Jeanette Falu-Bishop, executive director of Warriors in Recovery, announced that Warriors in Recovery's new division "Return to Love" has...
Golden, Co. - The U.S. Environmental Protection Agency is questioning whether Gov. Bill Owens administration was too soft on a major polluter by proposing to let Coors Brewing Co. donate $98,000 for killing almost all fish in 7 1/2 miles of Clear Creek.
On Aug. 24 of last year, Coors illegally spilled 77,000 gallons of beer into the creek near Golden and killed 50,422 fish. The fish kill was believed to be the largest in Colorado in at least two decades, wildlife officials said. It came 10 years after a similar Coors accident wiped out 13,193 fish in Clear Creek.
State regulators and Coors executives defended the proposed pollution settlement as tough but fair. The Owens administration agreed to waive a government fine against Coors as long as the brewer made a tax-deductible $98,000 donation to a private group cleaning up old mine wastes on Clear Creek.
However, EPA regulators have questioned whether state regulators unfairly discounted Coors' history of environmental abuse. The brewer's sewage plant, which caused the beer spill, violated national water quality standards 31 times in the past five years, giving it the sixth-worst record of Colorado's 102 major wastewater treatment facilities. None of those other facilities caused extensive fish kills.
Since 1990, Coors has pleaded guilty to two criminal violations of water quality laws and paid more than $2.1 million for hundreds of civil violations of national air, water and toxic waste laws. Those penalties came while the brewer, famed for its "Rocky Mountain Spring Water," promoted itself as environmentally sensitive in TV ads for its Coors Pure Water 2000 campaign.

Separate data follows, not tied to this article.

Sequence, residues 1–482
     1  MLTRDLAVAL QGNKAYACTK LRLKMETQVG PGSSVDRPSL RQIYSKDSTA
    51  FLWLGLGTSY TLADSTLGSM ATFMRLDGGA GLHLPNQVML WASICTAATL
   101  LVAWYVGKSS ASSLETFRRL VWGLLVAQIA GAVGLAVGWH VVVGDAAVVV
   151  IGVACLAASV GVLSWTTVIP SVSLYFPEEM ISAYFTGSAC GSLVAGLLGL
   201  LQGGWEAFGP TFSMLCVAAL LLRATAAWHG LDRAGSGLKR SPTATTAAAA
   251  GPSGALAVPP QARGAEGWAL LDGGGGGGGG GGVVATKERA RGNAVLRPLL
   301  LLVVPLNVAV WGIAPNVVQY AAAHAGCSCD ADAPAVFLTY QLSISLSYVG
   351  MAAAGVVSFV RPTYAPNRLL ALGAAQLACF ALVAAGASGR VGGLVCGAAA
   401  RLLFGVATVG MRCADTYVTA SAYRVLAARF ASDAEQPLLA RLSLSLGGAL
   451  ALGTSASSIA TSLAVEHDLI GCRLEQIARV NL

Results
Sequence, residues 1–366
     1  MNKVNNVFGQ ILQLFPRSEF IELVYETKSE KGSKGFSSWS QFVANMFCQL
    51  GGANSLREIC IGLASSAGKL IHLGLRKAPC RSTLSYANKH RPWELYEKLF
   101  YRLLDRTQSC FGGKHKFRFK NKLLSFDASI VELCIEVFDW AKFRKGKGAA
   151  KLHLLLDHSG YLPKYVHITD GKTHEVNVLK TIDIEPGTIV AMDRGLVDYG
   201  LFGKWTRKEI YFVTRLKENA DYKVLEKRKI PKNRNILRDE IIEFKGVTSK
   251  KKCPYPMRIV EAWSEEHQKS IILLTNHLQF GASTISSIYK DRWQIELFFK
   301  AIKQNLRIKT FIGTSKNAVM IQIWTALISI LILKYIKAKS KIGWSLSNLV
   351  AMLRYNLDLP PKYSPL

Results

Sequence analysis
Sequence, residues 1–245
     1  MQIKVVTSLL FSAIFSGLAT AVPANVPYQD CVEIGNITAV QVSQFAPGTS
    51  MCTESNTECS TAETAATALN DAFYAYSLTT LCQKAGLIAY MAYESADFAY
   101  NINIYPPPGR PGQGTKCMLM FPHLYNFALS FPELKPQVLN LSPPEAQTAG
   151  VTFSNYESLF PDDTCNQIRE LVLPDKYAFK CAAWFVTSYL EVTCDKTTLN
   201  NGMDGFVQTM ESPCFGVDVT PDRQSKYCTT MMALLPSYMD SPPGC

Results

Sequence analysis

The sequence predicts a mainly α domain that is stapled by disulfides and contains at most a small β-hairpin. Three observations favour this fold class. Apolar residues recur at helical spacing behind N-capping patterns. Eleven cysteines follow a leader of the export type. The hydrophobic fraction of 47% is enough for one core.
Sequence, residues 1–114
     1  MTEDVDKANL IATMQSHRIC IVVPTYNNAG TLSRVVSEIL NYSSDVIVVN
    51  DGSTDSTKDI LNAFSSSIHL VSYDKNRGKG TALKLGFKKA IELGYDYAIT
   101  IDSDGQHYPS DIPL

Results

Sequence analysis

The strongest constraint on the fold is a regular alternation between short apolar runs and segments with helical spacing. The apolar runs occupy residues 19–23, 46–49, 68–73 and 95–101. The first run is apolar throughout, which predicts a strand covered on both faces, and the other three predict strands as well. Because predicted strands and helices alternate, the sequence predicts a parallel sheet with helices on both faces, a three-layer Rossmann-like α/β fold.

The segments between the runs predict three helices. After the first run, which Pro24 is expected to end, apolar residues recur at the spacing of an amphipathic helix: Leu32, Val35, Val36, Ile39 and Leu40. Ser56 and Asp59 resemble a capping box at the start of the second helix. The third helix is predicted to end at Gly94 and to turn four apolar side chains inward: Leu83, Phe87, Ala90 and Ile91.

A December EPA letter, sent to state officials before the latest Coors pollution settlement was announced last month, challenged Colorado's proposal. "You have stated that Coors has made some corrective measures, but were unable to articulate what these measures were or how the measures would prevent future spills," EPA official Diane Sipe told the state.
Coors spokeswoman Aimee St. Clair said: "We feel it's a fair agreement. We're glad the money is going to help the creek."
Doug Benevento, chief environmental regulator for the Colorado Department of Public Health and Environment, said the state did consider Coors' five years of sewage violations when calculating the settlement, but not the 1991 fish kill or air and toxic waste violations.
"This is a punitive penalty for the spill that Coors was the cause of," Benevento said. "We're looking for injunctive relief, and we're looking for some assurance that this won't happen again."